On November 8, Mississippi voters rejected a proposition that would have declared that “personhood” begins at the moment of conception. In a state where abortion is so restricted that only one clinic performs the procedure, Proposition 26 would have made abortion and certain forms of birth control, in effect, murder.
The proposed amendment defined a person as “every human being from the moment of fertilization, cloning, or the functional equivalent thereof.” Had the amendment passed, it would have effectively banned and criminalized all abortions (even in cases of incest or rape) and post-conception birth control, such as IUDs and morning-after pills, as well as created barriers for in vitro fertilization.
“This amendment denies to actual women the personhood it would bestow upon a very few cells,” said Sonia Hofkosh, Tufts English professor and Women’s Studies Interim Program Director. “Without even getting into the issue of rape and other forms of forced sex or instances when a woman’s own health is at stake, I think the proposed amendment is another desperate attempt to overturn the Roe v. Wade decision that has been so crucial to women’s right to choose the way they want or do not want to make families.”
In their definition of “personhood,” Personhood USA, the Colorado-based organization that gave birth to the nationwide personhood initiatives, says: “A person, simply put, is a human being. This fact should be enough. The intrinsic humanity of unborn children, by definition, makes them persons, and should, therefore, guarantee their protection under the law.”
Of anti-abortion measures brought before voters this year, the personhood amendment is by far the most extreme. While Mississippi was one of the first to vote on the proposition, similar personhood movements are brewing in other states. After failing to pass such a proposition in Colorado in 2008 and 2010, personhood proponents looked to the Bible Belt in hopes of finding more fertile ground. Although the idea of an all-out ban on abortions is popular, the personhood proposition appears to have been too extreme—even for Mississippi.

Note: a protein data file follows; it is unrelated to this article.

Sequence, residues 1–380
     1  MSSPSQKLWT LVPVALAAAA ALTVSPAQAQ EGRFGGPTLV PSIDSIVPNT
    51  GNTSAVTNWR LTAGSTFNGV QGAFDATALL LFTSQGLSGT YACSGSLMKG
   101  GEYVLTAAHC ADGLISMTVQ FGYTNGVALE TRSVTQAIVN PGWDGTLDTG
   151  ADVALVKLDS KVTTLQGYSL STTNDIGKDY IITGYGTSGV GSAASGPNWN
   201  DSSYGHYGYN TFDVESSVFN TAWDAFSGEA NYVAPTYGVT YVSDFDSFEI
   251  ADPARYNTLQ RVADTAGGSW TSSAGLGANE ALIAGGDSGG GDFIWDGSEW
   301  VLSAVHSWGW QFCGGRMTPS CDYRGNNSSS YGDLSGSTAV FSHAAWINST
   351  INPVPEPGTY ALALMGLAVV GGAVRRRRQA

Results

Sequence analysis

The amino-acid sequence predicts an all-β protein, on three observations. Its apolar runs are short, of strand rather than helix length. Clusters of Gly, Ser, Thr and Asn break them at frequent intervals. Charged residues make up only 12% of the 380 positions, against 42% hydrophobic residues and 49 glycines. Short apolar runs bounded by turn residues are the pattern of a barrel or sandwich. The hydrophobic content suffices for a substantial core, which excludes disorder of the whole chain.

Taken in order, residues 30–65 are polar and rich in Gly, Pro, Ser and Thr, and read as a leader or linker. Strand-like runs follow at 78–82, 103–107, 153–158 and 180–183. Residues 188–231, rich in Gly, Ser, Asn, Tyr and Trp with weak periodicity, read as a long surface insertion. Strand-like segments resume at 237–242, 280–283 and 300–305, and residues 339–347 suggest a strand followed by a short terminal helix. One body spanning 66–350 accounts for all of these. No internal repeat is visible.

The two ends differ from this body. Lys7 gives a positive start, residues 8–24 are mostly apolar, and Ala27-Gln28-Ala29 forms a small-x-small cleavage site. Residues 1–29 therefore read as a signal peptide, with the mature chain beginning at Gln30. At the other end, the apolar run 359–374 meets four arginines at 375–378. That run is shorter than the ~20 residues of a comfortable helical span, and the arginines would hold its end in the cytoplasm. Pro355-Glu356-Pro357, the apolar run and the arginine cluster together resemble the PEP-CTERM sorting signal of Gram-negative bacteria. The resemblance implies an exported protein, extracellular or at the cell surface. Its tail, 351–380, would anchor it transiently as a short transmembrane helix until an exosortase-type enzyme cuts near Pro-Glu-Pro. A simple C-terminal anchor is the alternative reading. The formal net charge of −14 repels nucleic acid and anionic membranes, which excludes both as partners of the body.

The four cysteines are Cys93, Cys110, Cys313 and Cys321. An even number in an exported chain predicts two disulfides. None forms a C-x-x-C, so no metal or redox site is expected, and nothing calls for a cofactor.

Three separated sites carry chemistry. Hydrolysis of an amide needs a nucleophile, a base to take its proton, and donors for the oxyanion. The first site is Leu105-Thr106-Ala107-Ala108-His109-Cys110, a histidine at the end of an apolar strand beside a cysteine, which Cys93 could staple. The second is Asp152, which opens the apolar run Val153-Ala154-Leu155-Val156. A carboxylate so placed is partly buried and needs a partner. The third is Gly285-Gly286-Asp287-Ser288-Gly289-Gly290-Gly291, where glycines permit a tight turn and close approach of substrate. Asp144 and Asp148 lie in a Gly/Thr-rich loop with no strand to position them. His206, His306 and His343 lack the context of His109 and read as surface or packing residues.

In Washington Post’s “On Faith” section, Jacques Berlinblau wrote that “the endeavor to define a fertilized egg as a human being endowed with all of the rights of what we would normally consider a citizen was a preposterous proposition from the start. It was simply insane from a variety of ethical, theological, libertarian, medical, metaphysical, and even practical perspectives.”
Proposition 26 was defeated by a 16-point margin, a surprising victory for personhood opponents. Many are now saying that the movement imploded on itself, thanks to a slew of negative media coverage and misinformation about the proposition’s effect on contraceptives, as well as a lack of support from Mississippi’s former governor, Haley Barbour. Both the state’s Republican and Democratic candidates for governor, however, backed the amendment, as did Republican presidential hopeful Mitt Romney.
Even amongst supporters of anti-abortion laws, Mississippi’s Proposition 26 has created divisions. According to a New York Times article, traditional leaders in the fight against abortions, including the Roman Catholic bishops and National Right to Life, believe this push for personhood would do more harm than good in wearing down Roe v. Wade. Ultimately, the amendment could backfire when the question of its constitutionality reaches the federal courts, as it undoubtedly would.
While there is a general temptation to say that, if personhood can’t pass in Mississippi, it won’t pass anywhere, some are cautioning against that attitude. Berlinblau says that Mississippi’s Proposition 26 was only the first of many such initiatives and that this over-the-top style of activism is here to stay. The defeat of personhood at the polls in no way spells the end of the movement. In fact, two days after Mississippi’s rejection of Proposition 26, Personhood USA reached one million signatures on their personhood petition.
Berlinblau says the push for personhood may have been more of a success than people realize. Thanks to Proposition 26, the abortion debate in Mississippi has become less a question of Pro-Life versus Pro-Choice but rather Pro-Personhood versus Pro-Life.
“It alerts us all, and especially young people of all genders with their futures ahead of them, that this right is tenuous in conservative America and must be strongly defended,” Hofkosh said.
The personhood movement may bring up more questions than it solves for both sides of the abortion issue, but it remains an extreme push by abortion foes, carrying enough momentum to make Pro-Choice supporters apprehensive about the future.